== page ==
“The other area where we see an opportunity for improvement is, right at the front end, making sure that you’re bringing in the people who are going to execute the project to oversee that transition from the study into execution. Too many project owners – and we’re not just talking about small companies here – do not allow enough time to get people ready to execute the project.
“So we see instances of project blowouts where we had a robust study and even a solid execution plan.
“It often can be traced back to systems and people.”
According to Karjalainen, the reopening of borders has done little to alleviate pressures from a “hot labour market” in mining and resources generally, but especially in the project planning and execution areas. He and Harper say the industry has seen an exodus of experienced people – for retirement and other reasons – while well-publicised mining-sector challenges with recruitment and retention of professionals, including engineers, geoscientists and increasingly IT specialists, can have acute ramifications for non-operational activities.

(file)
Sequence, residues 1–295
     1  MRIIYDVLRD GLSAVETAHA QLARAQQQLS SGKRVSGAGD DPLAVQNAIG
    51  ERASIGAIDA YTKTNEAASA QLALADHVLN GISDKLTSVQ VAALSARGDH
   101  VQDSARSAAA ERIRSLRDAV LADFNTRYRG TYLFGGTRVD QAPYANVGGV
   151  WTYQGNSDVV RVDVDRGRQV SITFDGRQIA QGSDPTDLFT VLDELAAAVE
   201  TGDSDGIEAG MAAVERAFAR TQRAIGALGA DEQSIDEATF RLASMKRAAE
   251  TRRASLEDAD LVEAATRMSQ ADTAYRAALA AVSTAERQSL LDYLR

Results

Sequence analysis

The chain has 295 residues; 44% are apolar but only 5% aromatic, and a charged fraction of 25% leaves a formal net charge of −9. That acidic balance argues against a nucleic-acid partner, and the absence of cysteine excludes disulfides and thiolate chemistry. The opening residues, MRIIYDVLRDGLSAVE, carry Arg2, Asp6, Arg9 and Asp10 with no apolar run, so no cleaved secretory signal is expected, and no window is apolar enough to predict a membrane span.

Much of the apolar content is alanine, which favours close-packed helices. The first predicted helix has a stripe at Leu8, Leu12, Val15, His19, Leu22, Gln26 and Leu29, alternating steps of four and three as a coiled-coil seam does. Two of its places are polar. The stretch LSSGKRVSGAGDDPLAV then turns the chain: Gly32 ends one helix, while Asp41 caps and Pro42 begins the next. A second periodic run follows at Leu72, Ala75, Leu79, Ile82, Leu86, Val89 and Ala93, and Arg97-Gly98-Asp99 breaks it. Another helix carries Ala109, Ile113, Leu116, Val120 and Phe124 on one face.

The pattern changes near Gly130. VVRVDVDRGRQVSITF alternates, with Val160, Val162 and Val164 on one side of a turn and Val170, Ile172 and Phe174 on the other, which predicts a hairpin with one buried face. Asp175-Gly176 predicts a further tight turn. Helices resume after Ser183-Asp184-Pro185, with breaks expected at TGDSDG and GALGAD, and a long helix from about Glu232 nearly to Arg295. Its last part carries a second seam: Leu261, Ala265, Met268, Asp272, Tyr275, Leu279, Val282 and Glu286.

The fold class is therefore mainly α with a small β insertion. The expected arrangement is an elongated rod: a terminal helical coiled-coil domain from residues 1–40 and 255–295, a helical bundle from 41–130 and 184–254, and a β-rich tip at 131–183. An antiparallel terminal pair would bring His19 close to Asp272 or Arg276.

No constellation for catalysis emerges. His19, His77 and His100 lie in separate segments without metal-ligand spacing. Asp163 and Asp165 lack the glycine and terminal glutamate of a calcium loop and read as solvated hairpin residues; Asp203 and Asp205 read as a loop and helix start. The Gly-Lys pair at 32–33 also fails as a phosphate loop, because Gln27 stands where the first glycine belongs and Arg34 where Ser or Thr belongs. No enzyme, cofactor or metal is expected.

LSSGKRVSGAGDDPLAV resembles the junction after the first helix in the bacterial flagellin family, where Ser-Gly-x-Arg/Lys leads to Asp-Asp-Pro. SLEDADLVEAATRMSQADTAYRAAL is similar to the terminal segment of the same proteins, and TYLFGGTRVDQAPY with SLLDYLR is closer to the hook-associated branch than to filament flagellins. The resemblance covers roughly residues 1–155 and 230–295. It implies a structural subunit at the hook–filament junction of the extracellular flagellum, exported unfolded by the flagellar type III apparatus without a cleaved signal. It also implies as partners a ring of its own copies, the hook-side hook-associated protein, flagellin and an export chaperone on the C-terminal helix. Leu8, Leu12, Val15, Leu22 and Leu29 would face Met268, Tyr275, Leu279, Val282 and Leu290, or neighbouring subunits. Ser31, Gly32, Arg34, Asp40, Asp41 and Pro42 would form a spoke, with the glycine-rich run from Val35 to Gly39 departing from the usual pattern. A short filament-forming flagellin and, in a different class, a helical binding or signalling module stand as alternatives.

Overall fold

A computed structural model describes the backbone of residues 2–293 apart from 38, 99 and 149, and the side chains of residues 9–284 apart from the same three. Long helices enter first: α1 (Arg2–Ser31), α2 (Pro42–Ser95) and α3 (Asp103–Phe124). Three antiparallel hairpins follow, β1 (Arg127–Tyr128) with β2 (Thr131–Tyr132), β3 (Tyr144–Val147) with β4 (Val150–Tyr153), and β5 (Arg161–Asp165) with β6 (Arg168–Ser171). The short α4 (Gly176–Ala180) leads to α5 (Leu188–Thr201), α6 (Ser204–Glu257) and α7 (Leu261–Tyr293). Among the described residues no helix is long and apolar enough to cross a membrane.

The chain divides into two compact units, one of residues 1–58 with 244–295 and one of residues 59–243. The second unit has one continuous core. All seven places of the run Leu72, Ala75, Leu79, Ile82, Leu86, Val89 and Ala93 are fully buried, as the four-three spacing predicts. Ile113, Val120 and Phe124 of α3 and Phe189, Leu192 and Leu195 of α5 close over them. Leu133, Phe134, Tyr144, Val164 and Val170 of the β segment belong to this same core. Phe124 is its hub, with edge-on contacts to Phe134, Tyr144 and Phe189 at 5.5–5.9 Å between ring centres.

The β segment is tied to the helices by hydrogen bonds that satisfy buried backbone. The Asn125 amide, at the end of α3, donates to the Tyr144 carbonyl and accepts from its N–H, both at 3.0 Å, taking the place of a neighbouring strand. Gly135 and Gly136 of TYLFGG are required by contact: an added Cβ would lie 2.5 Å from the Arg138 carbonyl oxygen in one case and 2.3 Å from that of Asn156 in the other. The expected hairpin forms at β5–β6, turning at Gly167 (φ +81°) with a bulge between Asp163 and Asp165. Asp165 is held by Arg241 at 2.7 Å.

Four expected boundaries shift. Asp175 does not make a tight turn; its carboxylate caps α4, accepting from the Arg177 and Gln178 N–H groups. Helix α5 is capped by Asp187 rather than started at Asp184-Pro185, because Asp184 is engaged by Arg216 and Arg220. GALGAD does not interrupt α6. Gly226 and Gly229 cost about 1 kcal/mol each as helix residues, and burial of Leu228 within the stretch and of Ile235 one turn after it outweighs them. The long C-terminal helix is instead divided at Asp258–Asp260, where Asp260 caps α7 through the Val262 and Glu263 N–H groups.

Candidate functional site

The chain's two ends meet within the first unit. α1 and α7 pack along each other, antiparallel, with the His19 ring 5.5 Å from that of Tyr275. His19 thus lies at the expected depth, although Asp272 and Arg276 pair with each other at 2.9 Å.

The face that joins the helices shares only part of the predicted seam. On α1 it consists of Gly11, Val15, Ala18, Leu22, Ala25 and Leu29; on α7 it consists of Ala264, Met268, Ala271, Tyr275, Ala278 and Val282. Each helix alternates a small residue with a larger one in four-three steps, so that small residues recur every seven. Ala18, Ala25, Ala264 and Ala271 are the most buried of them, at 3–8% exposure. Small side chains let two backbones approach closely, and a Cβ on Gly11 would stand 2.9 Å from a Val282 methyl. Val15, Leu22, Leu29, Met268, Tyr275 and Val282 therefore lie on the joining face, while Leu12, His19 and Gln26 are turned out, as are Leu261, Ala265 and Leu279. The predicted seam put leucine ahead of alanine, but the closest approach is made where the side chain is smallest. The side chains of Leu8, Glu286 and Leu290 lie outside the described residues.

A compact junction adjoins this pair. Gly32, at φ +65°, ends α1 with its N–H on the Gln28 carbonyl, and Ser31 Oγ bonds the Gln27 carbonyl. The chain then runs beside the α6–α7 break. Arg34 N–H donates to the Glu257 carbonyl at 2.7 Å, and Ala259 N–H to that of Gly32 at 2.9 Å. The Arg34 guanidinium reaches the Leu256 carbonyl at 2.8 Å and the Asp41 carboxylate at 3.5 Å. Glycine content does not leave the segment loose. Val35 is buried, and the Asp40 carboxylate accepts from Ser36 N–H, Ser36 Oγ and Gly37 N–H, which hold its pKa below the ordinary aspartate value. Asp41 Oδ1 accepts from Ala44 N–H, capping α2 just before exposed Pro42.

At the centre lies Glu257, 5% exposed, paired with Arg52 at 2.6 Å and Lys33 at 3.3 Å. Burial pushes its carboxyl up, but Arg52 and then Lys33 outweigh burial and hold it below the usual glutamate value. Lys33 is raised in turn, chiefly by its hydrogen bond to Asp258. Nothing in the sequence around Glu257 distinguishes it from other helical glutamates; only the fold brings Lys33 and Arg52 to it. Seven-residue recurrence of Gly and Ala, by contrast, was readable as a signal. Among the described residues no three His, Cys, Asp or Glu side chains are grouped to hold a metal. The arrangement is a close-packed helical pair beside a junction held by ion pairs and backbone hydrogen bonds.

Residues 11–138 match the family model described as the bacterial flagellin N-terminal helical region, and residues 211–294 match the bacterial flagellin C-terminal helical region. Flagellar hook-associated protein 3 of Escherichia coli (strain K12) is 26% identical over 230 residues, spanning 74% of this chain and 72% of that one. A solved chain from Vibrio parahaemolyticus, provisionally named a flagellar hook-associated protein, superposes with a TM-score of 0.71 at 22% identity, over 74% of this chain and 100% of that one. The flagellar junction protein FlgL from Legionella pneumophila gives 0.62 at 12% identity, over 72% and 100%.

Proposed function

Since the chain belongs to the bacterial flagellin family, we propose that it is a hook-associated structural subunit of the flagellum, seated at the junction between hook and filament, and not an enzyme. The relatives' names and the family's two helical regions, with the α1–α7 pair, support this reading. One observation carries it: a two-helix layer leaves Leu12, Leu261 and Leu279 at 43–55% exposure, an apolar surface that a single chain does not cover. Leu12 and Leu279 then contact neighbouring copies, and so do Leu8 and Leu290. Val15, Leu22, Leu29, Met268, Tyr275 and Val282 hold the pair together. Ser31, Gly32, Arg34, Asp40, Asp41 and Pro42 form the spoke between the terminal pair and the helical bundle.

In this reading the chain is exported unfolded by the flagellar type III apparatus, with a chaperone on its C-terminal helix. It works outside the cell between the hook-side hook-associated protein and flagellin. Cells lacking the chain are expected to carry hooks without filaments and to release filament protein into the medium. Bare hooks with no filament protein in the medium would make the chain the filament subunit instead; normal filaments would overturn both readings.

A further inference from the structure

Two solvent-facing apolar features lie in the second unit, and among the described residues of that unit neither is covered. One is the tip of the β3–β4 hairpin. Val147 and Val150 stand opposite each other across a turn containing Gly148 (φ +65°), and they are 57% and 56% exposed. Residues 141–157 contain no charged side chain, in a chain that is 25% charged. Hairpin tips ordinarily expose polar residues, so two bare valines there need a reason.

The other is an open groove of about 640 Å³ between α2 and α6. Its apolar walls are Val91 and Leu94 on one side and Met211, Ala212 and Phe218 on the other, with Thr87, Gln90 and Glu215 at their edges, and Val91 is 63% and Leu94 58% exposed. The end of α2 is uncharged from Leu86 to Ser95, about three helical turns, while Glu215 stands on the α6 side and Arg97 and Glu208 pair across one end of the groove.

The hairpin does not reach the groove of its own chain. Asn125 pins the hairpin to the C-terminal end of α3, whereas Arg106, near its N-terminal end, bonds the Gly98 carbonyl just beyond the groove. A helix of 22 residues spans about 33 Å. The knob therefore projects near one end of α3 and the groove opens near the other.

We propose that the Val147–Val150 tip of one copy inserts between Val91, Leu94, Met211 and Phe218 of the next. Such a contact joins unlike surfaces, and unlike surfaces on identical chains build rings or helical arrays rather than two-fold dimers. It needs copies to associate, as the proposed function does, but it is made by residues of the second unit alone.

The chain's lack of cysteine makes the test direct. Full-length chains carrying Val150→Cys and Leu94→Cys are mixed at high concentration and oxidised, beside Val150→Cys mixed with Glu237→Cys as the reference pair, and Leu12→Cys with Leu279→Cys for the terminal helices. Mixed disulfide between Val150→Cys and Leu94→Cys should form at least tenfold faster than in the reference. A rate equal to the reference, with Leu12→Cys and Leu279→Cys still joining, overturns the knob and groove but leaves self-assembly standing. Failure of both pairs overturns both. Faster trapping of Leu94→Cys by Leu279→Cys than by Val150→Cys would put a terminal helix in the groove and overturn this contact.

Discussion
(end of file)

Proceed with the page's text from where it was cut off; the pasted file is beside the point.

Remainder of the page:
Karjalainen says technology has a part to play in alleviating human resource strains, as demonstrated during the COVID pandemic when remote work was enabled by available – and then improved – information technology.
He says sensors, cloud computing and intuitive software are improving productivity in areas such as job progress monitoring and reporting. The technology is also enabling some traditional site-based activity to be done remotely.
“I think with construction projects there’s always going to be an emphasis on people on site,” Karjalainen says.
“However, we’re seeing progressive automation of project controls and progress monitoring in some areas. We’re seeing an improved level of reporting accuracy and more insights gained by project management groups.
“Where we’re seeing strains and struggles in terms of maintaining resources on site I think we’re seeing people wanting to become more responsive and reactive to performance issues, and technology can certainly play more of a role there.”
A challenge now is finding an optimum balance between effective new and proven ways of working.
“There is this perspective now that every job can be done from home but clearly that is not the case,” Karjalainen says.
“I, and I’m sure many others, have had discussions with job candidates for site roles where they say they’re used to working from home now and even performing the site role remotely and wanting to continue working that way in the new job.
“There’s this expectation, rightly or wrongly, that the world’s moved towards a flexible working arrangement, where it’s really up to the employee on whether they want to come in or not, and I think that needs to change.